Tenets of Islam are not subject to change


UN High Commissioner for Human Rights Navi Pillay went to the Maldives, and there she said some things. She said some things relevant to human rights.

In an address delivered in parliament last Thursday, Pillay said the practice of flogging women found guilty of extra-marital sex “constitutes one of the most inhumane and degrading forms of violence against women, and should have no place in the legal framework of a democratic country.”

The UN human rights chief called for a public debate “on this issue of major concern.” In a press conference later in the day, Pillay called on the judiciary and the executive to issue a moratorium on flogging.

Well yes. Commissioners for human rights can be expected to say things like that, unless they are merely window-dressing commissioners for human rights. Flogging women for extra-marital sex does strike contemporary supporters of human rights as incompatible with respect for human rights. Flogging itself, flogging as such, is seen by people like that as incompatible with respect for human rights, and extra-marital sex is seen as a private concern as opposed to a state concern.

On article 9(d) of the constitution, which states “a non-Muslim may not become a citizen of the Maldives,” Pillay said the provision was “discriminatory and does not comply with international standards.”

There again – mandatory religion is widely considered incompatible with respect for human rights. So far so unsurprising. But the top people in the Maldives didn’t see it that way.

Statements by visiting UN High Commissioner for Human Rights Navi Pillay calling for a moratorium on flogging as a punishment for fornication and criticising the Muslim-only clause for citizenship in the Maldivian constitution have been widely condemned by religious NGOs, public officials and political parties.

Shortly after Pillay’s speech in parliament, Islamic Minister Dr Abdul Majeed Abdul Bari told local media that “a tenet of Islam cannot be changed” and flogging was a hudud punishment prescribed in the Quran (24:2) and “revealed down to us from seven heavens.”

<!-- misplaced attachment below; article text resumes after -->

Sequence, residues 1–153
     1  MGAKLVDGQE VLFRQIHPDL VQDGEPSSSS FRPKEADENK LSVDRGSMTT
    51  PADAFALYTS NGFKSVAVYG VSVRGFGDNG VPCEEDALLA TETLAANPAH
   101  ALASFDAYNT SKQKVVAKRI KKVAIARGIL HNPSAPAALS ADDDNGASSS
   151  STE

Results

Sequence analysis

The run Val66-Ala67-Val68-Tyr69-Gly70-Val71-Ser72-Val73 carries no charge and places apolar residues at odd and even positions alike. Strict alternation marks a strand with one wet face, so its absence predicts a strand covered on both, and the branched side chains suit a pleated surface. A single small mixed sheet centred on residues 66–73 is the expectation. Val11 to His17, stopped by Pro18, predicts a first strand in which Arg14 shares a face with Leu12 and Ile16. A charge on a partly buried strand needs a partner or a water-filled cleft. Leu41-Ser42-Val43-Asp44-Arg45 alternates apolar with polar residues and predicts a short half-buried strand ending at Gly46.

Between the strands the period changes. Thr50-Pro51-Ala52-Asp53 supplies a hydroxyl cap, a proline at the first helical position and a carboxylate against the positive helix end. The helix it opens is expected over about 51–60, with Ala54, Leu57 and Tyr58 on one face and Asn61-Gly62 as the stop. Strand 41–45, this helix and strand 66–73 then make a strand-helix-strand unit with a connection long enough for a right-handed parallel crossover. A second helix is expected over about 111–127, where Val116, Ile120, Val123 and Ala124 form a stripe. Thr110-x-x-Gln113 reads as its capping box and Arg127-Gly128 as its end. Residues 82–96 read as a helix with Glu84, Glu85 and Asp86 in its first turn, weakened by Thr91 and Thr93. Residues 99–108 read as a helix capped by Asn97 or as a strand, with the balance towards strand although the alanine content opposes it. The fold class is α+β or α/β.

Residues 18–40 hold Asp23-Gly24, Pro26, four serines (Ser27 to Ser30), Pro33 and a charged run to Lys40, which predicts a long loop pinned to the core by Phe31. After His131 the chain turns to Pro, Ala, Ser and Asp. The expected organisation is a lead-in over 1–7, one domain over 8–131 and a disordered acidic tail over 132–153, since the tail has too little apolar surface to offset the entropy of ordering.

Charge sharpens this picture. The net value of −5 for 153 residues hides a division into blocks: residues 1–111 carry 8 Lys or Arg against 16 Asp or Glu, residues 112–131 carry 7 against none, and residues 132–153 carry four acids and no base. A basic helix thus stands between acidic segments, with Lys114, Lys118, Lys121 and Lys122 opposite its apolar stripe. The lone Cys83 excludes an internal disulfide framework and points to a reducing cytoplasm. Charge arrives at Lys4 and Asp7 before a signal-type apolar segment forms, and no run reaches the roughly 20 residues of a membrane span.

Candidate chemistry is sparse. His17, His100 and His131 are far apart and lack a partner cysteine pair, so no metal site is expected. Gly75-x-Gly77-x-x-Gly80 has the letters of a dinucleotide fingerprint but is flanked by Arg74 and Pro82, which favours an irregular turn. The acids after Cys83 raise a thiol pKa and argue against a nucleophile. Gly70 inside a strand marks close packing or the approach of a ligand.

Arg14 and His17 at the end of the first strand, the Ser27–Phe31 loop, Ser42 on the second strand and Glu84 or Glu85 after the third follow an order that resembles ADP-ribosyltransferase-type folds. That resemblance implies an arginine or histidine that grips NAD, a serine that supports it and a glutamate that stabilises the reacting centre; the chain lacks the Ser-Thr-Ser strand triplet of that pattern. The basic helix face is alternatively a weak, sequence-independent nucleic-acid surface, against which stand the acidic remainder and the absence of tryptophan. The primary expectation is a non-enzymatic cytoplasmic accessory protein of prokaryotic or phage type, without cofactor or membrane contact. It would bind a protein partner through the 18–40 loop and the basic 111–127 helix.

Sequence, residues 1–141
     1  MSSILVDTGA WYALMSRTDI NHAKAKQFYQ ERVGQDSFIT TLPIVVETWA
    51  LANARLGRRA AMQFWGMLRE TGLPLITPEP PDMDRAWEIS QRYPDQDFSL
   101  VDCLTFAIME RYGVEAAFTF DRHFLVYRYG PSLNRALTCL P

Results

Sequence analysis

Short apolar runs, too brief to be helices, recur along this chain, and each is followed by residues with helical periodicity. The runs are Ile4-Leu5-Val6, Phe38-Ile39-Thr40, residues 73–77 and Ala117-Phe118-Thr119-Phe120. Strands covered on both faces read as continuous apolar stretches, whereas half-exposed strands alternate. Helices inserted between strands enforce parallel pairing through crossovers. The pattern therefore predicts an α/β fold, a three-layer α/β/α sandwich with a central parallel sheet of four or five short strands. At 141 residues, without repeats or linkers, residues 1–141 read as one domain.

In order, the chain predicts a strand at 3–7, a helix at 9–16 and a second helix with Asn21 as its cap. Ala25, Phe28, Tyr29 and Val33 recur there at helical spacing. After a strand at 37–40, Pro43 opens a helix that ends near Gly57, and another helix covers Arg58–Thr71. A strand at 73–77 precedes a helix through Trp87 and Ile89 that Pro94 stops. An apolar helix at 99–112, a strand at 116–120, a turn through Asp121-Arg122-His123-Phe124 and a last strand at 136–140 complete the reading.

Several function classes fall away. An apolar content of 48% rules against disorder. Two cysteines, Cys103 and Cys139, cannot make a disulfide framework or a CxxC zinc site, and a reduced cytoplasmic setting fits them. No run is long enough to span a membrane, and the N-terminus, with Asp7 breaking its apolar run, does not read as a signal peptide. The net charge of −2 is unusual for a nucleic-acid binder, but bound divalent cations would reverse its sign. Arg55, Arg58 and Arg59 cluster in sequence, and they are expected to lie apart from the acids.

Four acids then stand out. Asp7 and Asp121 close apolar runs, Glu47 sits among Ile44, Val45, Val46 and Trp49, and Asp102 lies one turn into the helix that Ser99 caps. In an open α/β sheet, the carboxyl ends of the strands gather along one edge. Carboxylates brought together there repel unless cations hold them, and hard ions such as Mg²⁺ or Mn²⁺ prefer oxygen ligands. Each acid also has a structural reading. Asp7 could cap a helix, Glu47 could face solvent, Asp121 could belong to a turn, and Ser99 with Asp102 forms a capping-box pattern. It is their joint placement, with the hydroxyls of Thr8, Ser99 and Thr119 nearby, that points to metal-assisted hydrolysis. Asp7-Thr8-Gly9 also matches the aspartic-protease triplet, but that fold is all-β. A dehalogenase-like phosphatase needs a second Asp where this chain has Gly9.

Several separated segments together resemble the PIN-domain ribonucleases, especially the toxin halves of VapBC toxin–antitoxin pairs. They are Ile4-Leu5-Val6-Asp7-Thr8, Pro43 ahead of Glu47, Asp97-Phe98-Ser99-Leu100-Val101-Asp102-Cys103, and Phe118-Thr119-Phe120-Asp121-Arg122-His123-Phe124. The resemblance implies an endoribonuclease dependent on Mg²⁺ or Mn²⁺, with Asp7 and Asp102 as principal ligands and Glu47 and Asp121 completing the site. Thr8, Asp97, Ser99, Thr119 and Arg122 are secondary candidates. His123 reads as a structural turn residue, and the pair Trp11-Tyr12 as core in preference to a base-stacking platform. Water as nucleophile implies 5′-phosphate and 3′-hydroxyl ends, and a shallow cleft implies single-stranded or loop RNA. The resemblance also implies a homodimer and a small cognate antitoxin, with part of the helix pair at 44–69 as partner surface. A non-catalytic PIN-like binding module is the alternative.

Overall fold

Bari noted that article 10 of the constitution established Islam as “the basis of all the laws of the Maldives” and prohibited the enactment of any law “contrary to any tenet of Islam,” adding that the Maldives has acceded to international conventions with reservations on religious matters such as marriage equality.

In his Friday prayer sermon the following day, Bari asserted that “no international institution or foreign nation” had the right to challenge the practice of Islam and adherence to its tenets in the Maldives.

And there you go – as usual. It’s in the Quran; it can’t be changed; it was revealed. Islam is the basis of all the laws; any law contrary to any tenet of Islam is prohibited; the end. Allah said we can flog women if we want to (and that we, meaning men, are the only ones who count), so we’re going to, so shut up and go back to UNistan where you belong. By the way if you were a Maldivian we could flog you, so ha.

Meanwhile, the religious conservative Adhaalath Party issued a statement on Thursday contending that tenets of Islam and the principles of Shariah were not subject to modification or change through public debate or democratic processes.

Adhaalath Party suggested that senior government officials invited a foreign dignitary to make statements that they supported but were “hesitant to say in public.”

The party called on President Mohamed Nasheed to condemn Pillay’s statements “at least to show to the people that there is no irreligious agenda of President Nasheed and senior government officials behind this.”

The Adhaalath statement also criticised Speaker Abdulla Shahid and MPs in attendance on Thursday for neither informing Pillay that she “could not make such statements” nor making any attempt to stop her or object to the remarks.

Funny that the Adhaalath Party doesn’t seem to have read the memo about religion not being literal and being all about compassion.

Comments

  1. Randomfactor says

    They can change, or they can die out.

    Sadly, there is no third alternative. That’s what evolution is all about, Charlie Brown.

  2. Ned Champlain says

    Sounds like the Judeo-Christion bible

    Leviticus 27:34 These are the commandments, which the LORD commanded Moses for the children of Israel in mount Sinai.

  3. danielrudolph says

    And yet they ignore all sorts of stuff from the Koran (including basically everything about slavery). Give them a few decades and they’ll be claiming Mohammed didn’t really mean to beat cheating womans.

  4. Fin says

    Randomfactor, this is a quote I always think of, in relation to the growth of extremist religions:

    “If you want to know what’s shortly due for the guillotine look for the most obvious of all symptoms: extremism. It is an almost infallible sign — a kind of death-rattle — when a human institution is forced by its members into stressing those and only those factors which are identificatory, at the expense of others which it necessarily shares with competing institutions because human beings belong to all of them.”